- The crypto community is debating whether large validators may be forced to censor transactions following the Merge.
- The majority of active Ethereum nodes are being run through Amazon Web Services, which many believe could expose the Ethereum blockchain to the central point of failure post-Merge.
The Ethereum Merge is right around the corner. Slated to happen on September 19, the merge transitions Ethereum Network from a Proof-of-Work (PoW) consensus mechanism to a Proof-of-Stake (PoS) system.
With the merge approaching, so has concerns about centralization, and censorship resistance peaked. Since OFAC recently added Tornado Cash to its list of sanctioned addresses, discussions surrounding potential censorship have plagued the ETH community. The crypto community is debating whether large validators may be forced to censor transactions following the Merge.
A similar concern about centralization is the distribution of nodes. According to research by several analytics firms, U.S. and Germany make up more than 50% of all nodes.
The majority of 4,653 active Ethereum nodes are being run through centralized web providers like AWS-Amazon Web Services, which many believe could expose the Ethereum blockchain to the central point of failure post Merge.
Since the cost of running an individual node is very high, people often turn to cloud infrastructure service providers like AWS.
However, high centralization could soon prove to be a vulnerability for the Ethereum Network in the long term. The majority of validators, i.e., around ⅓ of validators, operate within the U.S. jurisdiction.
With the Merge, staking pools are granted more power to set up validators and handle the overhead of running nodes. The fact that over 60% of staked Ethereum sitting with four entities- 30 % by Lido Finance, 15% by Coinbase, 8% by Kraken, and another 7% by Binance also undermines the idea of security through decentralization. This dominance put into question how decentralized exactly is the Ethereum Network.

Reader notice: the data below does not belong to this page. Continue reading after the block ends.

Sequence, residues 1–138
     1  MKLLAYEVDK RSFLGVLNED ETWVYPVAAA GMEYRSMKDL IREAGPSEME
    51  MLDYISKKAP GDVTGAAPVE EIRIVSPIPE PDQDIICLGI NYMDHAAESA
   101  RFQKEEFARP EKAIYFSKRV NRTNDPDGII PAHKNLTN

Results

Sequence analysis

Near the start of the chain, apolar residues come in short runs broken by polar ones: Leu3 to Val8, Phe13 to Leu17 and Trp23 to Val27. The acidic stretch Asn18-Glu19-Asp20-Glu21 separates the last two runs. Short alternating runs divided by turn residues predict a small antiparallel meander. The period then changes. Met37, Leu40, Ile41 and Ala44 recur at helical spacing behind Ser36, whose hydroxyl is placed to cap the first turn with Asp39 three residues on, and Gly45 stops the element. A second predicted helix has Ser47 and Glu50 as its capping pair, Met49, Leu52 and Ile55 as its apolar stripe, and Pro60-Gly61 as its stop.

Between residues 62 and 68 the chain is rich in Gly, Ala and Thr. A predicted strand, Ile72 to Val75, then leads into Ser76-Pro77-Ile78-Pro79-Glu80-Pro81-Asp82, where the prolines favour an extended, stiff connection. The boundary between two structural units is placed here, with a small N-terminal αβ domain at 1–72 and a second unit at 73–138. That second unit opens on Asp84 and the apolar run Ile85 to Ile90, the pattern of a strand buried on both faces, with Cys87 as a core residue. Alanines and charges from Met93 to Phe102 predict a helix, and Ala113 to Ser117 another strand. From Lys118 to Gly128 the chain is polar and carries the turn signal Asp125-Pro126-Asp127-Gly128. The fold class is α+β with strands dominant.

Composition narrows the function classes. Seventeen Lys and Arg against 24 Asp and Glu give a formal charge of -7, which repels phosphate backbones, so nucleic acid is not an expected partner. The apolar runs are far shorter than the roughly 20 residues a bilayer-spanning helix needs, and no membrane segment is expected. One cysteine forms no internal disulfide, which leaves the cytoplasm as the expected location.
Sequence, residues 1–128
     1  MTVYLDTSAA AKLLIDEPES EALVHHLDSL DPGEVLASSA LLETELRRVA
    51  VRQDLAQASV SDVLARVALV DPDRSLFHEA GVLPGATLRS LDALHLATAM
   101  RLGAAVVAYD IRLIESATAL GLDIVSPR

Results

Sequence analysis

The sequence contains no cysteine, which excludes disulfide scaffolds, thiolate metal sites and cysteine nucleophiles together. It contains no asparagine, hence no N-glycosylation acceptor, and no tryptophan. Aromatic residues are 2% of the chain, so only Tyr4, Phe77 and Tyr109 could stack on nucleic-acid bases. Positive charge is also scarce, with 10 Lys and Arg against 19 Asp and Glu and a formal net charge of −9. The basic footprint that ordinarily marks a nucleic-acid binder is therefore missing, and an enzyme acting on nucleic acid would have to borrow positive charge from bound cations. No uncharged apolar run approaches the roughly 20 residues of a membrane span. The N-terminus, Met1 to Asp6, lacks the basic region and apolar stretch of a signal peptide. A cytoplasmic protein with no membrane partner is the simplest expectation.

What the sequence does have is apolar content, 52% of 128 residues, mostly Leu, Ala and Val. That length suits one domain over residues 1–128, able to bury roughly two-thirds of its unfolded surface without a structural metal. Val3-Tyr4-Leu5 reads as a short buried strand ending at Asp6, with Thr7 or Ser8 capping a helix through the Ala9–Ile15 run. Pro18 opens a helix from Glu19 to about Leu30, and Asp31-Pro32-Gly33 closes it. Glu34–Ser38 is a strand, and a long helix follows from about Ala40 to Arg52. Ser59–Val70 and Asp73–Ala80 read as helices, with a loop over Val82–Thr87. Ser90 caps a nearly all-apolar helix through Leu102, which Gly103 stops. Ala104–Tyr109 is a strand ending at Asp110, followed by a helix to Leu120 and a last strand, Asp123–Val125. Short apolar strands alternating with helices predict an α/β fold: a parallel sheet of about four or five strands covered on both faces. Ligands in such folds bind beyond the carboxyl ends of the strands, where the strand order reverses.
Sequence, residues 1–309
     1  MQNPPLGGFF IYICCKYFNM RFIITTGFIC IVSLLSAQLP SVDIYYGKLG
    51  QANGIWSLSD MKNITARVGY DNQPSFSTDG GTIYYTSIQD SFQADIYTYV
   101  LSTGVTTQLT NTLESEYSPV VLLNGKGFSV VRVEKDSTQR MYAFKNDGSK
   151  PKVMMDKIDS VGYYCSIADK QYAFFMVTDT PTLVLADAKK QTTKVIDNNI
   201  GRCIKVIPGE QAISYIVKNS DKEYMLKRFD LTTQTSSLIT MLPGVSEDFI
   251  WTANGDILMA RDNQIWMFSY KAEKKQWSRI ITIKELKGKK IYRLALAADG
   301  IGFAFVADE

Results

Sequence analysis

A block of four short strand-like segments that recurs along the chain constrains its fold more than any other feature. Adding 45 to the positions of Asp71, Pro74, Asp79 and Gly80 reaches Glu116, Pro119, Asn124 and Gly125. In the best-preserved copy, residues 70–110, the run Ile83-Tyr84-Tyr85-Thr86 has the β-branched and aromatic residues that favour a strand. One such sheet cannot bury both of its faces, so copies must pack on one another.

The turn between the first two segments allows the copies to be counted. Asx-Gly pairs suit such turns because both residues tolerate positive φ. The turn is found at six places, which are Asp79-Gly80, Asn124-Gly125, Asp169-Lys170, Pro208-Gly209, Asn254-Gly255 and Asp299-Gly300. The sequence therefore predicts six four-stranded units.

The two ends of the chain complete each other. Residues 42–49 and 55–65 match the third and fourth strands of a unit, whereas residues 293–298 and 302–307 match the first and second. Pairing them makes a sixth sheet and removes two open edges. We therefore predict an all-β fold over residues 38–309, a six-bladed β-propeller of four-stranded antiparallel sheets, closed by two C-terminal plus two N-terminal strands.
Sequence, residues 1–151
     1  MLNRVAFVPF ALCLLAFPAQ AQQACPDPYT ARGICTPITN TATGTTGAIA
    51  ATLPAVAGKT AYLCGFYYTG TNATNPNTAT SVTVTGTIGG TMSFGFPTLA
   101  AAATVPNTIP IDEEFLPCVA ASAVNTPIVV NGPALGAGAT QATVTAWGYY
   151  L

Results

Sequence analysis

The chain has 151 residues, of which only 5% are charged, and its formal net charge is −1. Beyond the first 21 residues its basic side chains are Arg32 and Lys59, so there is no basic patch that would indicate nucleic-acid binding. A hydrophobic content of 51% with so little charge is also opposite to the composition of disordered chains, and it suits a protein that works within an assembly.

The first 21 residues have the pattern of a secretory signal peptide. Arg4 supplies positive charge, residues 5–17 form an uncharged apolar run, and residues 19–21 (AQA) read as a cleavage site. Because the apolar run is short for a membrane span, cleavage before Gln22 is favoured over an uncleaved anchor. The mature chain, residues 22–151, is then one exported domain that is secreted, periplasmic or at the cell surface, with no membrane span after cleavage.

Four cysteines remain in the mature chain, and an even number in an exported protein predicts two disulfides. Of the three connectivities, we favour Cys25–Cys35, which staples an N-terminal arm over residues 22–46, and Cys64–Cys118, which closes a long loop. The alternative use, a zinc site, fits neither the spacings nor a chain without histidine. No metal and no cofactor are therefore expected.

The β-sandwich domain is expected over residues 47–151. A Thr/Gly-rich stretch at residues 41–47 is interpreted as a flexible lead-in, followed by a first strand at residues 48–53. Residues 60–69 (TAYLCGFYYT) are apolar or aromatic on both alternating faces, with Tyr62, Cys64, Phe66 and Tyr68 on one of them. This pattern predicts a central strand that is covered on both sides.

Client diversity for both the consensus and execution layers is also becoming a major concern post-merge. While the consensus layer distribution has shown great improvement, the execution layer diversity proves to be a major disappointment.
While clients, including Erigon and Nethermind, have been improving, Geth remains far and away the client that most nodes rely on. In case of a critical bug with Geth, all of the validators that use it for the execution layer would face penalties to their stake.
Post merge, staking service providers should now work towards diversifying their node distribution to ensure better stability, resist censorship and uphold the decentralized nature of the network.